At some point in life everyone thinks it’s pointless to ask a girl out.. it would never happen.. right?.. Then you grow a pair and finally understand that you need to get off your ass and go fuck the prom queen..so to speak

  10. The fuckers…

    Who would have thought? The only way they could figure to unite was collective castration.

    Venezuelan politics is like having an ugly girlfriend who constantly holds you at gunpoint and beats you while promising she may one day at least brush her teeth.

  11. Wow Emiliana, you really are effective.

    But no, Mr. Dow is right, the things going on now are more like a poker game than a chess game.

  12. Great post Emiliana! In my opinion the real issue is with VP and their usual splitting of the opo.

    Instead of focusing on regime change via the revocatorio (which makes the most sense) they are focusing on the Amnesty law, which has 0 chance of leading to anything that improves the misery of life in Venezuela. And this is of course due to Leopoldo and his ambition, that usually comes before the interests of the country.

    Depressing!

    • If you were one of the ones in prison, you might feel differently. Just sayin’. Freeing political prisoners is a big step towards a free society. If you doubt that, then ask why Maduro opposes it so virulently? Tell me, why does Maduro want to enslave the society? Keep dissenters in jail? Stop presses? Cancel television stations? Have endless cadenas? Take away freedoms? Take away property like a common criminal? Destroy investment? Grind production to a halt? Imprison those who are effective in showing the lies and bringing sanity back? Why do you think all that is necessary? Why is it necessary to force a population into “socialism” – if it is such a good thing, why do the majority, the supermajority, of the population oppose it? Why ever could that possibly be?? Maybe you think a free society where men and women are free to speak their voice is not doing something for the country? Would you like to be thrown in jail for speaking in favor of socialism?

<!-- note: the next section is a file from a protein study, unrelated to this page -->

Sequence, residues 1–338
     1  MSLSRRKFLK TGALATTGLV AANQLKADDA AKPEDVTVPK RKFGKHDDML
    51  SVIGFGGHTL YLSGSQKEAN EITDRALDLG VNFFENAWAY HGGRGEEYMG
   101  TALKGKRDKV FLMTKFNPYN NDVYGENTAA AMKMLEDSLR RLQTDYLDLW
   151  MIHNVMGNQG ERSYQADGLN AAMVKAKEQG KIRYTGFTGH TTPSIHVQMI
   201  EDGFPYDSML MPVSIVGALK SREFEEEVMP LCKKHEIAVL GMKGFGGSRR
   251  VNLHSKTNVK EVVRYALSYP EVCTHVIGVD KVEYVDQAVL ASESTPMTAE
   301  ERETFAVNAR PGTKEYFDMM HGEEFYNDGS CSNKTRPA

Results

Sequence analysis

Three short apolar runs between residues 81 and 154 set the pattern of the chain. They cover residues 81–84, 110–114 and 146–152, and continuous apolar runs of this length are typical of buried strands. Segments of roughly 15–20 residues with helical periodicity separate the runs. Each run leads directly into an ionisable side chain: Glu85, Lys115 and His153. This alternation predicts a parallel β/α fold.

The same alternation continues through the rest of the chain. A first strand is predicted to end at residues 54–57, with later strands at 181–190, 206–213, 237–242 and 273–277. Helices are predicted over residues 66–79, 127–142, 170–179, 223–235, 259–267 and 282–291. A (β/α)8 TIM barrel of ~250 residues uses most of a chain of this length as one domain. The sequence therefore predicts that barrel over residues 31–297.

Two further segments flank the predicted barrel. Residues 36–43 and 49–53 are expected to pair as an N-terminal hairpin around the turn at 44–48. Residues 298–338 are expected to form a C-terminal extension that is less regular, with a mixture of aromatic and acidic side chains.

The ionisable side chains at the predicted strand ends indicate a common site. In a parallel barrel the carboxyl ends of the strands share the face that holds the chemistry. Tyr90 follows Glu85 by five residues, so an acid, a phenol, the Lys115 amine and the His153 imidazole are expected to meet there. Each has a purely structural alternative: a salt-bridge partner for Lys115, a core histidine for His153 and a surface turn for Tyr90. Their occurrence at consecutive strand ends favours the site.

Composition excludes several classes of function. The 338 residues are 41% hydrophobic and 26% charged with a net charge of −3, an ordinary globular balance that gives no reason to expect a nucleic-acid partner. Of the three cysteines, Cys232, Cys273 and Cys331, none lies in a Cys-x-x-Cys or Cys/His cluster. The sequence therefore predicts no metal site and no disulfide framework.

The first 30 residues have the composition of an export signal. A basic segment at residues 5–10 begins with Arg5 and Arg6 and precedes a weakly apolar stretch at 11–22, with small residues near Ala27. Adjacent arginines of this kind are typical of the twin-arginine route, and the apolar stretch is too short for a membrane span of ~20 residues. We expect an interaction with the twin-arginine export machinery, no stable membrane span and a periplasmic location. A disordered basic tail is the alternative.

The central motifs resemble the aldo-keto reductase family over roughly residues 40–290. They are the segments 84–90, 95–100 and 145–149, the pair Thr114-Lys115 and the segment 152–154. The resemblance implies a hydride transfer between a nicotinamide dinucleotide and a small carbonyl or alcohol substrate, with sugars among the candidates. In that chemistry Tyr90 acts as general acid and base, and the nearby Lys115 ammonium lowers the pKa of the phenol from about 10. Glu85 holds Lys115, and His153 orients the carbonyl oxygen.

13. hopefully apparent inaction is intentional and they are saving for a big push, or maybe conspiring behind closed doors. If that’s not the case then mud is as good as working for the psuv. An accomplice to all crimes going on, but aren’t we all?

  14. Back to basics! The new CC is great but this type of articles is what initially got me hooked.

    What this few months have shown is something that has been becoming clear since Chavez’s death: the opposition is just that, the opposition to Chavismo. Capriles, Leopoldo, Ramos Allup, Maria Corina – they are all so defined by Chavismo that eliminating it will effectively end them as well. Any political project necessarily needs to pass through the defeat of Chavismo but there needs to be a political project to start with.

  15. Perhaps the MUD initiatives have seemed somewhat helter-skelter, but, what, pray tell, are they to do, when virtually ALL the initiatives will be shot down by the President or TSJ, and, when Oppo marches are called to protest, only a few thousand show up? The entire Country/populace are in a state of suspended animation, as AN good intentions are blocked by the Government institutions needed to implement them, and what little wherewithal there is to implement them is being siphoned off in continued corruption, ridiculous military expenditures, and scandalous giveaways, such as the recent Govt. $1.4 bill.agreement signed with Cuba. PL/et. al. top dawgs have been bought off with the new military corp. supposedly overseeing mining/petroleum/etc. ventures, and the 80% poor are too busy making lines to nab, or are bachaqueando, ever scarcer consumer foods/staples. There must be a breaking point for this Public acquiescence in their own destruction, but we have not yet reached it. The only hope near-term is for patriotic lower rank military initiatives, HRA notwithstanding–either that, or we reach the Cuban free food-rationing booklet and Communal Council Legislative governance, as the so-called “Bravo Pueblo” rolls over and wallows in their own “patriotic” misery.

  16. Brilliant post Emiliana, simply brilliant.

    However, I am not so shocked at the reality. It has always been clear that the opposition had coordination issues (there is a paper called “Clear as MUD” looking into this).

    If it was hard coordinating while not actually having some policy-making power now that they do have -some of- that power it’s obviously harder, and the oppo leadership can’t allow the itself to be rolled on the floor of the assembly. I am actually surprised that chavistas haven’t used this strategy, proposing bills that break the oppo… Then again they (chavistas) seem to have no idea of what legislating is all about.

    Also, the opposition made some great promises of immediate change back during election time. It was obvioud then -as it is now- that those weren’t realistic, even in a scenario of chavista cooperation. The legislative path with all its deadlines is a long one. Bills need thoughtful consideration, planning, and writing.